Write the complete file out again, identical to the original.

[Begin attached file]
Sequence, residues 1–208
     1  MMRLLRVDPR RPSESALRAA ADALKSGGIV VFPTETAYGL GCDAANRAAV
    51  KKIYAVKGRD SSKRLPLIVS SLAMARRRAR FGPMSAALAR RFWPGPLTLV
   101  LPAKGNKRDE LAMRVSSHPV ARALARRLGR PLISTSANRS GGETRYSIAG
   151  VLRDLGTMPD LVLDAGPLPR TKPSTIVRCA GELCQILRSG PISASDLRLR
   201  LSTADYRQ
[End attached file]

Sequence, residues 1–208
     1  MMRLLRVDPR RPSESALRAA ADALKSGGIV VFPTETAYGL GCDAANRAAV
    51  KKIYAVKGRD SSKRLPLIVS SLAMARRRAR FGPMSAALAR RFWPGPLTLV
   101  LPAKGNKRDE LAMRVSSHPV ARALARRLGR PLISTSANRS GGETRYSIAG
   151  VLRDLGTMPD LVLDAGPLPR TKPSTIVRCA GELCQILRSG PISASDLRLR
   201  LSTADYRQ